Injesuthi River Fly Fishing
1 hour from Winterton
Tucked away in the shadow of the Drakensberg escarpment below the Injesuthi Triplets, the stream of the same name rises high in the mountains, tumbling and cascading at first over boulders and through rocky pockets and glides, a silver thread at the bottom of gorges and under the canopy of indigenous forests, before passing the Injesuthi Camp.
As “Solitude”, the original name of the farm, suggests, here the fly-fisher can be alone, enjoying the peace and quiet and all that nature has to offer. The fishing in this lovely mountain stream is limited largely to the portion within the conservation area that forms part of the Ukhahlamba-Drakensberg World Heritage Park.
The gradient is steep and the water quick and clear – a perfect habitat for the trout found in this stream. The rainbows that were introduced into this stream more than 100 years ago are wild, feisty and on average 20 to 25 centimetres long, with the occasional 30-centimetre fish surprising the fly-fisher.
Starting above the bridge, the upper reaches are a small-stream fly-fisher’s delight. They are challenging, requiring a scramble over boulders and through thick indigenous vegetation at times. For fly-fishers who enjoy exploring water that is seldom fished, there are some exciting and interesting prospects upstream of the camp in real wilderness for as far as one chooses to scramble.
This stream is near perfect for the use of soft hackle flies, high-stacked through the pockets and turbulent areas at the head and tail of pools. Having said that, lightly-weighted nymphs imitating the small Baetis nymphs that are so prolific, will surely bring success to the stealthy fly-fisher.
Below the camp, a small tributary, the Delmhlwazini, joins the main stream. This is also an interesting stream to explore. The gradient flattens and the valley widens. Here, for the next few kilometers downstream, the stream splits and rejoins fairly frequently as it meanders across the valley floor.
There is a lot of shallow riffle water, with the occasional pool and deeper run before it reaches the lower stretch upstream of the conservation area boundary. Here there are a number of larger, deeper pools. Trout of up to 900 grams have been caught in this area.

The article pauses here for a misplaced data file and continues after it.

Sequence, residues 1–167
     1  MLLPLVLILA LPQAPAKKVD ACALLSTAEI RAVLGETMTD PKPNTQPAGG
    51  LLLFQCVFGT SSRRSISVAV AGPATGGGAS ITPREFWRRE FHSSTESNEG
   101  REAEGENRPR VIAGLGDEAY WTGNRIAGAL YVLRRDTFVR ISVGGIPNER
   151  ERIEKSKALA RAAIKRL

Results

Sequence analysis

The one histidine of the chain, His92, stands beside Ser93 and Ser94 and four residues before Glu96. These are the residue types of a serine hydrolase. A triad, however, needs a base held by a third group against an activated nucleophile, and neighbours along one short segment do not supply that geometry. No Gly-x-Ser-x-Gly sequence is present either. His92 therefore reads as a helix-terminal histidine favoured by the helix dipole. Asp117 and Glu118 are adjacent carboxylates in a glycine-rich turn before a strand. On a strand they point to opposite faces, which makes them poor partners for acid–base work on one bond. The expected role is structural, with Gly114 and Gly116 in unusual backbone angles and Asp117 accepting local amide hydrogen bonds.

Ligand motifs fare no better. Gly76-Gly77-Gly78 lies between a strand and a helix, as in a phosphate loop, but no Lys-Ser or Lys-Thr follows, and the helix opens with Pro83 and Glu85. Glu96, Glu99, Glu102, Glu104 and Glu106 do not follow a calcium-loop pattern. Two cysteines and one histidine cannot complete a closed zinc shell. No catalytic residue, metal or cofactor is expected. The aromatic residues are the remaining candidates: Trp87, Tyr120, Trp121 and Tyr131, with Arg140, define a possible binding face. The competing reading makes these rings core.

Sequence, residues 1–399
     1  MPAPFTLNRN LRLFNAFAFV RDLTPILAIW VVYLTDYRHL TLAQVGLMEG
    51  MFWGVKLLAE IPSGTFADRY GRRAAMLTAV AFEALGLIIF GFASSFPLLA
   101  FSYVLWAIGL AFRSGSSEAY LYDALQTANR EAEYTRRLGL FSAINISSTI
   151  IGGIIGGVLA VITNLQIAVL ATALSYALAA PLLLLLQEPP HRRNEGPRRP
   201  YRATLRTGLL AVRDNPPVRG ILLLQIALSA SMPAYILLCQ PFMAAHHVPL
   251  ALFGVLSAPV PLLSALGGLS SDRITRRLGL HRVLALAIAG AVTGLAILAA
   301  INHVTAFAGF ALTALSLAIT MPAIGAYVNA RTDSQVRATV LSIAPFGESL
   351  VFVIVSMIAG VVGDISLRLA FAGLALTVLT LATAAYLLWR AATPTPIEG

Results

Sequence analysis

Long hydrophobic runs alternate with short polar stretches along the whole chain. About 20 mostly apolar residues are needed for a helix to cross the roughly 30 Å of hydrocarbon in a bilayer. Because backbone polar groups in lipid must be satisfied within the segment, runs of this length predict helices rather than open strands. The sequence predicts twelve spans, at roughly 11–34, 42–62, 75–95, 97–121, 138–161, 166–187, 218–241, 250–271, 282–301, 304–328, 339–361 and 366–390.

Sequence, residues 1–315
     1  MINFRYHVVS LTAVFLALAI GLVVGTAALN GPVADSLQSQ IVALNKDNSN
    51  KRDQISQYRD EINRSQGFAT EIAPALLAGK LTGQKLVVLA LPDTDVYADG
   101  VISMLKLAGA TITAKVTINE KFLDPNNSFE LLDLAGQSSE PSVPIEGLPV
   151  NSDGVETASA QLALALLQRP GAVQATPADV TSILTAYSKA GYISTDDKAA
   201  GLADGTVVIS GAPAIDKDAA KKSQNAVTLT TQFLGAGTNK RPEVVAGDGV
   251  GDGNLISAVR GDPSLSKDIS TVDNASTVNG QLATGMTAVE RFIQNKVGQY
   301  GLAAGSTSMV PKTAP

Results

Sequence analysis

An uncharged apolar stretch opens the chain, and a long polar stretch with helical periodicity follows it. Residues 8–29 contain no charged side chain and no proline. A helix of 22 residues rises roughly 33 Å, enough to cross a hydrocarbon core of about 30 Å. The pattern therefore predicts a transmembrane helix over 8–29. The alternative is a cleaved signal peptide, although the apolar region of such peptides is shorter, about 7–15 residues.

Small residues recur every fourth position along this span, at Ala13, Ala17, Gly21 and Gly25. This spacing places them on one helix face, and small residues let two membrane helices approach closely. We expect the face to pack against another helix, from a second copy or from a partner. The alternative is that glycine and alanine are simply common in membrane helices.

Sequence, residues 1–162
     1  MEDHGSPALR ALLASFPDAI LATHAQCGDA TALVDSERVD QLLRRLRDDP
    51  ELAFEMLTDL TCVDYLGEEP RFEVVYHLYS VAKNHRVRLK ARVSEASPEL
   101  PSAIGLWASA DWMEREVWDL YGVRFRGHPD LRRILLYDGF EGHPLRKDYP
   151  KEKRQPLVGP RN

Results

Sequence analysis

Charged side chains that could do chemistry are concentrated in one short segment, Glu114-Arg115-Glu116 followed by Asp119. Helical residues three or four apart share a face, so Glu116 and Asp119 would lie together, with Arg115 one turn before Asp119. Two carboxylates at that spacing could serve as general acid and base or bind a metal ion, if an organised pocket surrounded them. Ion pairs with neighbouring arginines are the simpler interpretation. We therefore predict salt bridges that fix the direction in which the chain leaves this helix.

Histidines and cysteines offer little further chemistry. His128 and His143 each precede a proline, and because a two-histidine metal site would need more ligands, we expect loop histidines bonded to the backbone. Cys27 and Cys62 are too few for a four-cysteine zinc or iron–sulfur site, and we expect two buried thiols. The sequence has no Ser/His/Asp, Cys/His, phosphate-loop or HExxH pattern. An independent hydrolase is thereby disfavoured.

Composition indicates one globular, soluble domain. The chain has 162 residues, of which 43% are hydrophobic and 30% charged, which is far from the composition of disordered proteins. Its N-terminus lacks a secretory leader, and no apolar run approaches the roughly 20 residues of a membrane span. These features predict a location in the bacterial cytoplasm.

The Injesuthi then plunges down through a series of small waterfalls and into a section known as the Cascades. It is a pretty area, but generally the fishing here is not that productive. Trout tend to stay away from this kind of water that, in times of flooding must be a little like a washing machine.
Below the Cascades, the stream flattens and slows, running against a small cliff before the valley once again opens up. Although this is outside of the conservation area, the stream stays fairly clean and fishing is considered reasonably safe.
However this changes after a few kilometers as the density of human settlements increases in the rural subsistence-farming areas further downstream. At this point, the water is affected by siltation and discolouration by run-off after rain.
Poaching by locals has also had an effect on the trout population. Visitors must be aware of potential security risks should they choose to fish along these lower reaches. It is advisable to rather make use of the section of the Injesuthi falling within the conservation area. Permits and all relevant information should be obtained from the staff at the Injesuthi camp office.
The only accommodation in the area is that provided by Ezemvelo KZN Wildlife in a number of small, comfortable self-catering chalets.
There is also a campsite with limited tented accommodation and basic communal ablution facilities. Bookings can be made online (http://www.kznwildlife.com).
Injisuthi Fly Fishing, Camp
Injisuthi Fly Fishing, Entrance Gate
Injisuthi Fly Fishing, Campsite
Injisuthi Fly Fishing, Delmhlwazini Confluence
Injisuthi Fly Fishing, Bridge
Injisuthi Fly Fishing, Large Pools
Injisuthi Fly Fishing, Cascades
The Drakensberg mountain range begins its rise in the Eastern Cape, running along the length of KwaZulu-Natal’s western border. It also extends in fits and starts into Mpumalanga and covers a vast area stretching into the mountain kingdom of Lesotho.
It is generally agreed that the ‘Dragon mountains’ got their name from their ragged, irregular silhouette that looks like a dragon’s back from a distance. It was so-named by Dutch settlers. Another, albeit less popular, explanation is that early settlers were told by the locals that dragons lived in the mountains. This theory was given a bit more credence when numerous dinosaur footprints were discovered in the Eastern Free State.